The DEA recently increased its quota for psilocybin for 2022, as well as for the legal production of psychedelic drugs such as MDMA and DMT, in response to heightened demand and interest within the scientific community to research the effectiveness of these psychedelic drugs in the treatment of mental health disorders.
The Petition To Reschedule Psilocybin
Now, a petition filed earlier this week by a Seattle doctor Sunil Aggarwal, who specializes in end-of-life care, is urging the agency to reschedule psilocybin as a less-restricted Schedule II drug, Marijuana Moment reported.
The document highlighted psilocybin's relatively low potential for abuse and "exceptional promise in relieving debilitating symptoms in those with intractable and otherwise untreatable illness," such as severe anxiety and depression.
"The original placement of psilocybin," the petition says, "was the result of a substantial overestimation of the risk of harm and abuse potential, not rigorous science."
Once/if the main psychoactive component of psychedelic mushrooms is rescheduled, federal barriers to psilocybin research would also be removed.
The document cites recent comments by Nora Volkow, director of the National Institute on Drug Abuse (NIDA), which shed light the on bureaucratic challenges scientists face in terms of marijuana research in the U.S.
A Schedule I designation under the Controlled Substances Act "detracts researchers who want to investigate it because it's just much more cumbersome than doing studies with other substances," Volkow who is also a researcher, said earlier.
Cancer Patients Bid To Use Psilocybin Dismissed
In the meantime, Aggarwal's federal petition filed by his lawyers came on the heels of a rejection of a lawsuit by the doctor and cancer patients seeking access to psilocybin to help treat end-of-life depression and anxiety. On Monday, a three-judge panel of the US Court of Appeals for the Ninth Circuit dismissed the lawsuit on procedural grounds.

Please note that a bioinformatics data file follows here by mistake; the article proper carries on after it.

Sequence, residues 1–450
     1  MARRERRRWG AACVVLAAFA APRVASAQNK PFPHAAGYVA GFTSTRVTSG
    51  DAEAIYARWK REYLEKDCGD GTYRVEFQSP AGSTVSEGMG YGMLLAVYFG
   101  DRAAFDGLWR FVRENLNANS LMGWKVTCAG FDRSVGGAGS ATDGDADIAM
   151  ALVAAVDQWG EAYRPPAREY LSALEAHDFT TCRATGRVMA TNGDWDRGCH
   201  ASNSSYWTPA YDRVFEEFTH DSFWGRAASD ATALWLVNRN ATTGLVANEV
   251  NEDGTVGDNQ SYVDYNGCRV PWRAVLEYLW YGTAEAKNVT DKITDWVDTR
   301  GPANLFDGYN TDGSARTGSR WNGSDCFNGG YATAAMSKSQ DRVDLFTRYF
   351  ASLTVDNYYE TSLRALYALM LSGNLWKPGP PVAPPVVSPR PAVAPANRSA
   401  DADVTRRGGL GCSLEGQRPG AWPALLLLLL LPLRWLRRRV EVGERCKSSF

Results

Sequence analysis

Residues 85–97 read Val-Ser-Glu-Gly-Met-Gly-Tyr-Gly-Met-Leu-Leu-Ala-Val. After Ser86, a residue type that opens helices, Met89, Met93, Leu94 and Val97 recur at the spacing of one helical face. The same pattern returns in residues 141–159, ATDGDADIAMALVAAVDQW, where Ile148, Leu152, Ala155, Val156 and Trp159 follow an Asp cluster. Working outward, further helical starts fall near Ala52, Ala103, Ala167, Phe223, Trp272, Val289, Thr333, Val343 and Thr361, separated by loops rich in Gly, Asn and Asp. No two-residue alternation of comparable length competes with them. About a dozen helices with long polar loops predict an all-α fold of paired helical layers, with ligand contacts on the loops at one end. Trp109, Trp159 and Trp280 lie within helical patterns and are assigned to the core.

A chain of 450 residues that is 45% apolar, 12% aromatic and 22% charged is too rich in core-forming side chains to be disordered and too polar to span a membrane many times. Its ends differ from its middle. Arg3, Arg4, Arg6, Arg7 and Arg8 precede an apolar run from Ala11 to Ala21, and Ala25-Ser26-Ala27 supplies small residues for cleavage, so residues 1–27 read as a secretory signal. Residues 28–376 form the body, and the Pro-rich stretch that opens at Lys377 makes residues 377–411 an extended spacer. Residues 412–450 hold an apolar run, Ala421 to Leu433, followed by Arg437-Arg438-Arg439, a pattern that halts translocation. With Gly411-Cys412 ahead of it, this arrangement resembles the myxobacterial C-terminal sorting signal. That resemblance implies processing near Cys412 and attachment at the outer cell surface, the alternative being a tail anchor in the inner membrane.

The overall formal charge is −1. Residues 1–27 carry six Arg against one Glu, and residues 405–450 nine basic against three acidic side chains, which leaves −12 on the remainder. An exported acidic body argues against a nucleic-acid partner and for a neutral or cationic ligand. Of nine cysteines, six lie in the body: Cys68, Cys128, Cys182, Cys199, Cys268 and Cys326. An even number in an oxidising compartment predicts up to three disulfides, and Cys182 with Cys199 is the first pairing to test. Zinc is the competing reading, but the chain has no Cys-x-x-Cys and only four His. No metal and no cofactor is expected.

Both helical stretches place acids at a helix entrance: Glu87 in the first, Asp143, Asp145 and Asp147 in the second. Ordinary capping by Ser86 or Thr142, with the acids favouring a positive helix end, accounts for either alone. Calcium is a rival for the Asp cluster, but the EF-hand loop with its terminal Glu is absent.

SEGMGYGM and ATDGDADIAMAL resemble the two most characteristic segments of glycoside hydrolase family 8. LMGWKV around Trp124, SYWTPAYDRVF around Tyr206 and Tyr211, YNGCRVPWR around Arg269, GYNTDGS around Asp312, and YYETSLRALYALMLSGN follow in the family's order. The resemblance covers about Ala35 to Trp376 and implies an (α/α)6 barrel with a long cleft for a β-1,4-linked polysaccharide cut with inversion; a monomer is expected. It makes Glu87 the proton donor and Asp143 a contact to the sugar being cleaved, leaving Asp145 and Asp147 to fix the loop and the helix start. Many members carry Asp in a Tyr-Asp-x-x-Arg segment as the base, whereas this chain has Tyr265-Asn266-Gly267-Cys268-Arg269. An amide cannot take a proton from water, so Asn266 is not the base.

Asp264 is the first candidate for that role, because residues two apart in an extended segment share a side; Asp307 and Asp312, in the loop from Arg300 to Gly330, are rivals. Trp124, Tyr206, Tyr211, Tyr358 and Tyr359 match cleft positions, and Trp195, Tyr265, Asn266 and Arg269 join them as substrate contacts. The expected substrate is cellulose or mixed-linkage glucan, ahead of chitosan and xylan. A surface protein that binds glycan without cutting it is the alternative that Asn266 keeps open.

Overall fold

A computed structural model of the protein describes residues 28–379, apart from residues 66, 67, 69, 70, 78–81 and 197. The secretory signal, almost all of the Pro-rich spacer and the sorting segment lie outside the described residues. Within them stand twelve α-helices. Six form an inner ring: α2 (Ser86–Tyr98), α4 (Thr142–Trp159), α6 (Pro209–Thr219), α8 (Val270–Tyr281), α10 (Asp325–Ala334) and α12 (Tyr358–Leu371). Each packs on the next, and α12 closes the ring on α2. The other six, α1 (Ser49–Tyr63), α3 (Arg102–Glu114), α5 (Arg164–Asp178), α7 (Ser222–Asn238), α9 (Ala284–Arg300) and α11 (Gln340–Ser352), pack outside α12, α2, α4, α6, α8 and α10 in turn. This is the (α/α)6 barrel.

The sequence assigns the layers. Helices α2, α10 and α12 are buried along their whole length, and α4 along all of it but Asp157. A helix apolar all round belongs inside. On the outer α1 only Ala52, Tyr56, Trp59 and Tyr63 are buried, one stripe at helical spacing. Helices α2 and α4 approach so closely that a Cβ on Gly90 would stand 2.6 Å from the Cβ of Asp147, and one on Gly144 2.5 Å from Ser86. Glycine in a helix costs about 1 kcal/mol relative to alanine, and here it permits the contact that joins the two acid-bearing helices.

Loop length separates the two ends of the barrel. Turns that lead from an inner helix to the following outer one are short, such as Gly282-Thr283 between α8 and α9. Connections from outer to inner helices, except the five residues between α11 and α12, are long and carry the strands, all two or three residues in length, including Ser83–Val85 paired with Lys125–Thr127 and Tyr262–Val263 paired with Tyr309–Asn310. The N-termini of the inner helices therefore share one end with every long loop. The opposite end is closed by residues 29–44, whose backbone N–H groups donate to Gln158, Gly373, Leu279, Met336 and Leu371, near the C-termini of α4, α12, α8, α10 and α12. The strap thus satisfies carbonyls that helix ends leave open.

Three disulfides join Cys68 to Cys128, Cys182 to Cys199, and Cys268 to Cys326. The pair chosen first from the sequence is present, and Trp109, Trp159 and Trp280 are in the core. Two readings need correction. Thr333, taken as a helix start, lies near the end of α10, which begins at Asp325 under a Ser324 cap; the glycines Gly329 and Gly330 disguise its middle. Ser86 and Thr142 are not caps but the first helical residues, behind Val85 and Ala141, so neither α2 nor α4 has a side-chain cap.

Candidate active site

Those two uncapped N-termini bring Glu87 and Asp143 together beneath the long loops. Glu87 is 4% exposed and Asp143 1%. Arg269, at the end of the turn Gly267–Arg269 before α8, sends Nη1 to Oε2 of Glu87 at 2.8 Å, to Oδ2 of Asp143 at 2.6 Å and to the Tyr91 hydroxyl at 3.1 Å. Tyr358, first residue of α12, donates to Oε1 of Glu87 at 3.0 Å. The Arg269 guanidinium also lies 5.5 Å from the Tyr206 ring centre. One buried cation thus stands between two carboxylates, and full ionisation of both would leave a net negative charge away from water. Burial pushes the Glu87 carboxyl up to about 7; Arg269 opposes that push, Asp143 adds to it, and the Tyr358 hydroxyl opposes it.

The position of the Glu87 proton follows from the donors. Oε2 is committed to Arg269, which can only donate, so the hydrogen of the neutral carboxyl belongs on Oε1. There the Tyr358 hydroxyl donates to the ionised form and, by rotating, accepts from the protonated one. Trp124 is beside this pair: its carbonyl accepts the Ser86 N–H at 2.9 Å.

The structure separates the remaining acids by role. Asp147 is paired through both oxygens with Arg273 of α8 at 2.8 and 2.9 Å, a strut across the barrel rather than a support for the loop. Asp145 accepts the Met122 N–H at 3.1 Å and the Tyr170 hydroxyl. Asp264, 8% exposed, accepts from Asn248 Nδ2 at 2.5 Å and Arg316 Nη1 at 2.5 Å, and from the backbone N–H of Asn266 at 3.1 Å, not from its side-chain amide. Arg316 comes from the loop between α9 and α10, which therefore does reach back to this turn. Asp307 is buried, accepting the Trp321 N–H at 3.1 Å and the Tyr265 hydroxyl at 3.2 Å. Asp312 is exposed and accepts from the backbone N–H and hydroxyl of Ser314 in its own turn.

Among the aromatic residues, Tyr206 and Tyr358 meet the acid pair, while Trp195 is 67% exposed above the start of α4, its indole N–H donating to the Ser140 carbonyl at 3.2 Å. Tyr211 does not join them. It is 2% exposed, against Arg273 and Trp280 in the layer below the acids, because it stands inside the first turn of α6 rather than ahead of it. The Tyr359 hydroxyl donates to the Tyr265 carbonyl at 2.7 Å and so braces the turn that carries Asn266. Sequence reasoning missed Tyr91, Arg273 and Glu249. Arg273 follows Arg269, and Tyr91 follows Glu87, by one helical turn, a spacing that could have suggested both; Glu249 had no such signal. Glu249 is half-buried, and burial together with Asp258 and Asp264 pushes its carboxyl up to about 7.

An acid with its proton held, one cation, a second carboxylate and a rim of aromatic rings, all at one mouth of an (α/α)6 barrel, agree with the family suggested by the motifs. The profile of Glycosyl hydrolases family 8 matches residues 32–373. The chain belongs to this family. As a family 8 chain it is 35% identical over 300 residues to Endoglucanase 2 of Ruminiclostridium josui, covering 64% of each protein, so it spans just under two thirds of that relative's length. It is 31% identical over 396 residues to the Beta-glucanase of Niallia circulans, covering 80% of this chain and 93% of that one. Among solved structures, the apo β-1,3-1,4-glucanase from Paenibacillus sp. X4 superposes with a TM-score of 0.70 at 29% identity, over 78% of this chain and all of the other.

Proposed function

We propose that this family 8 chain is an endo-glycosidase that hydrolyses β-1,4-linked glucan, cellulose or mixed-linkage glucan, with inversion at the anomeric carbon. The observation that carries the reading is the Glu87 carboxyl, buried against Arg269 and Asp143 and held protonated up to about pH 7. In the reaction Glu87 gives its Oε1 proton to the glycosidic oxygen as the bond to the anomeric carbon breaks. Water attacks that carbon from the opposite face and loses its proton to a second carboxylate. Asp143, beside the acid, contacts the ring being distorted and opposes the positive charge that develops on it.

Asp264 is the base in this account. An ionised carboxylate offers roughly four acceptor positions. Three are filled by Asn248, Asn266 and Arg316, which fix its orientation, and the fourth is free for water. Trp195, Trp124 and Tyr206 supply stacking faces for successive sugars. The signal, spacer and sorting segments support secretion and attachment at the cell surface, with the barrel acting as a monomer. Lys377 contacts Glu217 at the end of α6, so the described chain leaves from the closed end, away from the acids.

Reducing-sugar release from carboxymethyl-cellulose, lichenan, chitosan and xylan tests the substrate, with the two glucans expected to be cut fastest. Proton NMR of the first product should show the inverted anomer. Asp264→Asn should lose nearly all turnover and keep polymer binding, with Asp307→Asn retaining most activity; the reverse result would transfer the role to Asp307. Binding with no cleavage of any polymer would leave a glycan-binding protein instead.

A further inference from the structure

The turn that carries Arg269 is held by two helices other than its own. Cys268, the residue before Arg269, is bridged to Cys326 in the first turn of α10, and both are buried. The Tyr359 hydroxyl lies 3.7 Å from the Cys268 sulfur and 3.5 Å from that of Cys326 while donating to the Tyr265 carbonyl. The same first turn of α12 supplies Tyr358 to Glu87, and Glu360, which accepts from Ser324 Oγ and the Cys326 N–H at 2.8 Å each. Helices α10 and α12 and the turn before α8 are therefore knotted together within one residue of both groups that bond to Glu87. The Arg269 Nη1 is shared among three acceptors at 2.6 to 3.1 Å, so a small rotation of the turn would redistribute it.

In a letter sent earlier, the DEA said that there was no way for Aggarwal's clinic, the Advanced Integrative Medical Sciences (AIMS) Institute, to dispense a synthetic form of the psilocybin under state and federal right-to-try (RTT) laws, leaving patients with no path forward, the lawyers argued.
© 2022 Benzinga.com. Benzinga does not provide investment advice. All rights reserved.
Ad Disclosure: The rate information is obtained by Bankrate from the listed institutions. Bankrate cannot guaranty the accuracy or availability of any rates shown above. Institutions may have different rates on their own websites than those posted on Bankrate.com. The listings that appear on this page are from companies from which this website receives compensation, which may impact how, where, and in what order products appear. This table does not include all companies or all available products.
All rates are subject to change without notice and may vary depending on location. These quotes are from banks, thrifts, and credit unions, some of whom have paid for a link to their own Web site where you can find additional information. Those with a paid link are our Advertisers. Those without a paid link are listings we obtain to improve the consumer shopping experience and are not Advertisers. To receive the Bankrate.com rate from an Advertiser, please identify yourself as a Bankrate customer. Bank and thrift deposits are insured by the Federal Deposit Insurance Corp. Credit union deposits are insured by the National Credit Union Administration.
Consumer Satisfaction: Bankrate attempts to verify the accuracy and availability of its Advertisers' terms through its quality assurance process and requires Advertisers to agree to our Terms and Conditions and to adhere to our Quality Control Program. If you believe that you have received an inaccurate quote or are otherwise not satisfied with the services provided to you by the institution you choose, please click here.
Rate collection and criteria: Click here for more information on rate collection and criteria.